For our illustration, we construct an portfolio with the following pension fund structure: the duration of liabilities is 17 years, the duration of assets is eight years, the duration gap is 60% hedged and the cover ratio is 99%. The assets are well diversified and have the following strategic structure: 30% European government bonds; 25% equities; 20% European credit; 19% alternatives (7% real estate, 3% infrastucture, 2.5% commodities, 2.5% hedge funds, 2% emerging market debt, 2% high-yield bonds); 5% inflation-linked bonds; and 1% cash.
The performance of €100 invested in the strategic portfolio is shown as the grey line in figure 1. Note that, throughout, the portfolio allocations are held fixed over time to the strategic targets. Despite the strong diversification within the portfolio, it suffers significant drawdown throughout 2008, which by the end of 2012 almost reduces the value of the portfolio below investment amount.
First, we apply a rebalancing strategy based on marginal contribution to ETL. In other words, each quarter starting in January 2007, we estimate the marginal contribution to risk of each position in the portfolio, rank the positions and reduce by 1% each of the top 10 tail-risk contributors, and increase by 1% the allocation to each of the top 10 risk diversifiers.
This tactically ‘tilted’ portfolio is then held for the next quarter, at the end of which new deviations from the strategic base are estimated and implemented. As a result we arrive at the quarterly rebalanced portfolio ‘10% tactical allocation’. It can be seen that this dynamic
reallocation strategy improves the annual average return by one percentage point, while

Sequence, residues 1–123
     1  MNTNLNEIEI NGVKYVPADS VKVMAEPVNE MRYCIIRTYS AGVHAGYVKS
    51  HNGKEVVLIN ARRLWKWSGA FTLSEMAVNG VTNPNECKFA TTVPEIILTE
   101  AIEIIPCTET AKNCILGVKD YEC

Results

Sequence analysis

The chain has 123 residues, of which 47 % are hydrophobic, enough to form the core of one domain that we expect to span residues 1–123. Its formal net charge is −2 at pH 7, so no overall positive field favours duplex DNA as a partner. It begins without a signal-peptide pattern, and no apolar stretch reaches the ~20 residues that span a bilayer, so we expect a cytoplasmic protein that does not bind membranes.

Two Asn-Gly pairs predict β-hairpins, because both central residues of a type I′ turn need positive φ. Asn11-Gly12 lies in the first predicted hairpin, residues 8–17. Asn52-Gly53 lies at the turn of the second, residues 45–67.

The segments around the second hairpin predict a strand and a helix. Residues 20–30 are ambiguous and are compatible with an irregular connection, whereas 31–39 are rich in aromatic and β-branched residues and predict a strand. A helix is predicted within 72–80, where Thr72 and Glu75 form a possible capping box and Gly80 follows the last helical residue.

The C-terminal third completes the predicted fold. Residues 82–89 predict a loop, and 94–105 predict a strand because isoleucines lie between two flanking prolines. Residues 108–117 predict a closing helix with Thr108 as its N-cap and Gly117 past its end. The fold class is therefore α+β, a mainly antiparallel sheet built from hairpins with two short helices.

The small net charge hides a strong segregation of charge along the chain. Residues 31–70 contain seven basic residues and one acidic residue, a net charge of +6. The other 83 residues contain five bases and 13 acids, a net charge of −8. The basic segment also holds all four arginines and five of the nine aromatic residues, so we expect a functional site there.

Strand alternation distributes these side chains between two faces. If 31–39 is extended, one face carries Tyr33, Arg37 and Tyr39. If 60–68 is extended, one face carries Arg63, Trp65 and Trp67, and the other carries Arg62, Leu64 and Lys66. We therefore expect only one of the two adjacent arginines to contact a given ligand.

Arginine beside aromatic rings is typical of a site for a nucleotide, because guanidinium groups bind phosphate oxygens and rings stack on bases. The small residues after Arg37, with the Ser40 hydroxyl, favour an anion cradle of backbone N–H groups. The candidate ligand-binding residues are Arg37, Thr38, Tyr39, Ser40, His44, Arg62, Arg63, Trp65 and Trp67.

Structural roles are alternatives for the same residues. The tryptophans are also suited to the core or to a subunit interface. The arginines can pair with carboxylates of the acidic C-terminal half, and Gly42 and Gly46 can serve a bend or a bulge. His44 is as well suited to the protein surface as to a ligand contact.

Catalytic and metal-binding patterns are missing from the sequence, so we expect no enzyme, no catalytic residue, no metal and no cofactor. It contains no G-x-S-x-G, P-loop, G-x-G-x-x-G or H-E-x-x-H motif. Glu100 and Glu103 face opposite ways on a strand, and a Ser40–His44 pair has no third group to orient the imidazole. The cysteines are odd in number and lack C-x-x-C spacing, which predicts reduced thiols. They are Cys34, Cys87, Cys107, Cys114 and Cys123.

reducing portfolio drawdown from 12.89% to 6.01%.
As a next step, we introduce an additional alternative asset class to the initial investment universe available to the portfolio manager – the ability to invest in liquid risk premium overlays covering several quantitative strategies – carry, momentum, value and volatility.
We introduce 10 overlay strategies in total and use the marginal contribution to ETL framework each quarter to select the three strategies that will have the highest tail-risk reduction effect over the strategic portfolio. We can then lay the selected three instruments over either the tactical portfolio or the strategic portfolio itself. In the example shown in figure 2, we allocate a 5% overlay to each of the three strategies within both the strategic portfolio and the tactical allocations portfolio.
We can conclude that the combination of tactical tilt aimed at reducing the tail exposure of the portfolio, combined with an overlay of three quantitative strategies selected within the context of the portfolio leads to the highest risk-adjusted performance among the considered scenarios.
Vincent Berard is head of rates, FX and quantitative structuring for Europe at BNP Paribas and Daniel Dimitrov is client services manager for global accounts at FinAnalytica